Lectins are plant proteins that bind to carbohydrates. In nature, plants use lectins as a defense against being eaten. When they bind to carbohydrates, it makes them harder for the human gut to digest. Lectins are in most plants, but especially high in beans, lentils, and some vegetables. Even though these foods a part of a healthy diet, it’s helpful to understand how lectins can affect digestion.
Are Lectins Harmful?
There’s good news, and there’s bad news.
The bad news is that lectins in their active state can cause some digestive problems, like nausea, vomiting, upset stomach, and diarrhea. In animal studies, active lectin blocked the absorption of iron, phosphorus, zinc, and calcium – the very nutrients that many lectin-containing foods are rich in. This is why lectins are sometimes called “anti-nutrients.”
It’s sounding grim, but there is good news.
The good news is the active lectins are very rarely eaten by humans. Foods that are highest in active lectins are raw legumes, and the cooking required to eat them ends up denaturing most lectins. (Denaturing is when the structure of a protein is modified, usually by heat or acidity). The human body has enzymes that helps break down the remaining lectins that make it past the cooking stage. Interestingly, the lectins found in tomatoes and bell peppers do not cause digestive stress in most.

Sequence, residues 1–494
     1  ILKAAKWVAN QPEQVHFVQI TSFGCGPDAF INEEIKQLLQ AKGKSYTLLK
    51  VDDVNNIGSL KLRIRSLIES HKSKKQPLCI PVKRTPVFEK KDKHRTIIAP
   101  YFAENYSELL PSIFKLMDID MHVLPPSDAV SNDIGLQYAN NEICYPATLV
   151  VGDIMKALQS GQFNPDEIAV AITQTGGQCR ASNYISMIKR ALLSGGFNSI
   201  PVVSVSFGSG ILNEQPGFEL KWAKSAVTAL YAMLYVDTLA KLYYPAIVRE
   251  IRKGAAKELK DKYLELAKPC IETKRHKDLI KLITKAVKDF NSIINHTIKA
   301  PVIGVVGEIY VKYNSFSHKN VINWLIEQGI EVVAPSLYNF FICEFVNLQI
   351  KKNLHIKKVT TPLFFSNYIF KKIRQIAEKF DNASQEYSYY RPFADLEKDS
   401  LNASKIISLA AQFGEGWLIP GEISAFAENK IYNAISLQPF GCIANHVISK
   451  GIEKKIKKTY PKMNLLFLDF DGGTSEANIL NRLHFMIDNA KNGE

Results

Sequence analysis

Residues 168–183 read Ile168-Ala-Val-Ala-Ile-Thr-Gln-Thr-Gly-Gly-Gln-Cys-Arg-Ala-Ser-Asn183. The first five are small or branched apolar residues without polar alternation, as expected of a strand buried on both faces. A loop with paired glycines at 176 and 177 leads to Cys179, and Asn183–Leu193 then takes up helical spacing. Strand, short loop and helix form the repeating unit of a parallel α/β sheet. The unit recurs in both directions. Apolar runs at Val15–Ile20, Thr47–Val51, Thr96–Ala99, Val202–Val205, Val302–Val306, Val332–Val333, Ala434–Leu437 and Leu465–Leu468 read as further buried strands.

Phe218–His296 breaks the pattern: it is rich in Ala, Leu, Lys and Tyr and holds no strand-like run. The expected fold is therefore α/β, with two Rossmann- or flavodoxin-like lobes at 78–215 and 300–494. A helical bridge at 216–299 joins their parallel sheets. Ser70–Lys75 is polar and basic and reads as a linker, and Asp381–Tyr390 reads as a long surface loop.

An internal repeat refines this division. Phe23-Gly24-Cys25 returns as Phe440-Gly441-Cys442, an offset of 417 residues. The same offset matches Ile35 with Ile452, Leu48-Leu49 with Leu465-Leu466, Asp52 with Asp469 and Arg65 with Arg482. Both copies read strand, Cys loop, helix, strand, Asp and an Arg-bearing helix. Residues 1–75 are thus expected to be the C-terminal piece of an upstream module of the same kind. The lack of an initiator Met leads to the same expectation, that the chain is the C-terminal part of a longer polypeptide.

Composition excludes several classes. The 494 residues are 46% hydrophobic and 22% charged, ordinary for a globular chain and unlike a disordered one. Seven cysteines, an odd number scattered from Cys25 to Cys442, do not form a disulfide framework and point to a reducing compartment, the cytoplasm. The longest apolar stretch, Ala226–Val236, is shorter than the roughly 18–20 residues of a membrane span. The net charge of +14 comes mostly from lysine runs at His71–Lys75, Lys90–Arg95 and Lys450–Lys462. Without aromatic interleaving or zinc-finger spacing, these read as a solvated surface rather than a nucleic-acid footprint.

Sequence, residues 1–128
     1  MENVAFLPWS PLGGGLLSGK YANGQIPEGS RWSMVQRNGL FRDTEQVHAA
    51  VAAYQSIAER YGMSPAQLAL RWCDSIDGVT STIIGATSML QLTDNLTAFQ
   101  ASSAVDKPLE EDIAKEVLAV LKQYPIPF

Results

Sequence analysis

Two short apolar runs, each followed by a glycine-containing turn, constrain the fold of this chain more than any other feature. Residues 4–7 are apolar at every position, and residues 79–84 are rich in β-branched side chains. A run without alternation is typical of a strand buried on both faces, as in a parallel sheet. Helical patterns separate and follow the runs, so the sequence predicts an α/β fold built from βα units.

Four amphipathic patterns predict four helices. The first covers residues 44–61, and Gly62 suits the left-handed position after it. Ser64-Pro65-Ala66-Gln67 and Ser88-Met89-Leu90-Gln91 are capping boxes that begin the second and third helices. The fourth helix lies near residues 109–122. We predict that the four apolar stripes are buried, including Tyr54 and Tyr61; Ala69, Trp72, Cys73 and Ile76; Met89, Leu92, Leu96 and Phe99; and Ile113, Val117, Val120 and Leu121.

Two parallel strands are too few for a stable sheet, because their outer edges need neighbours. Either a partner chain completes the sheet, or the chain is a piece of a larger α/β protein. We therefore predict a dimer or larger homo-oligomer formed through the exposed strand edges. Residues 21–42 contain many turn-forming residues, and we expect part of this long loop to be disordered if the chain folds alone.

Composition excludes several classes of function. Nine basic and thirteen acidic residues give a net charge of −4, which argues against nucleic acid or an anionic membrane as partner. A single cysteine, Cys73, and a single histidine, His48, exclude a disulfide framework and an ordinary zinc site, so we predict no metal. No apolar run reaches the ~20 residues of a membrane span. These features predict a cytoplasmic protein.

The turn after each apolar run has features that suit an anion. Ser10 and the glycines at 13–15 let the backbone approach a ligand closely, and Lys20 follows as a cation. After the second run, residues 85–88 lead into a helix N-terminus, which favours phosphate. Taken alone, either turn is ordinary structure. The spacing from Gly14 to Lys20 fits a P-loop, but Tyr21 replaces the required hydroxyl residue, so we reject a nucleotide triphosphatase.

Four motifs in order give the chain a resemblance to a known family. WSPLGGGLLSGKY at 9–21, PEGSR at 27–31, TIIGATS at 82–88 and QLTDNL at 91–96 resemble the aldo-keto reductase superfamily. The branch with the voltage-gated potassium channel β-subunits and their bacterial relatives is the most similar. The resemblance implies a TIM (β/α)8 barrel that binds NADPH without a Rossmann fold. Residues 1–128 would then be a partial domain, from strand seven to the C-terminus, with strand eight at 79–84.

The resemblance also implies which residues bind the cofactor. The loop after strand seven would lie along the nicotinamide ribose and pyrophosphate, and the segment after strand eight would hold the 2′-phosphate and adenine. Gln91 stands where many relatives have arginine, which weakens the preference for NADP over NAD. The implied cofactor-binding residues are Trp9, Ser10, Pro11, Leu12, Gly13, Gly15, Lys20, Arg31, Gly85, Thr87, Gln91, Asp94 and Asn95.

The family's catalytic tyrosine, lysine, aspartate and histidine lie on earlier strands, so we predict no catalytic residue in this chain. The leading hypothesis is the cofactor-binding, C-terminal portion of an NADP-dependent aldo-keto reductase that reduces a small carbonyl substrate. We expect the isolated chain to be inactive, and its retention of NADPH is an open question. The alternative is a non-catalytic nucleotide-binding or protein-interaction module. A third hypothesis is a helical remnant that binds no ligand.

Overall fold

Even better, research shows that people who eat legumes, whole grains and nuts have a lower risk for heart disease and diabetes and have an easier time maintaining a healthy weight.
How to Denature Lectins
- Soak dried beans overnight before cooking. Lectins are water-soluble and can be washed off. Canned beans are already cooked, and packed in liquid, so they are already low in lectins.
- Cook your legumes on high heat to reduce the amount of lectins. It’s important to note that cooking legumes in a slow cooker on low heat does not remove all the lectins.
- If you sprout your beans and grains, remove the outer hull of beans and wheat grains.
The Bottom Line on Lectins
Legumes, whole grains foods, nuts, and other foods that contain lectin are a part of a healthy, balanced diet, as long as these foods are cooked thoroughly. Current research does not support any need to exclude foods with lectins from your diet.
One exception are those with irritable bowel syndrome or multiple sclerosis. People with these conditions may be more sensitive to lectins and benefit from a diet lower in lectins.
Suzanne Watkins is a dietitian at Samaritan Albany General Hospital. If you have questions about nutrition, ask your primary care clinician for a referral for nutrition counseling.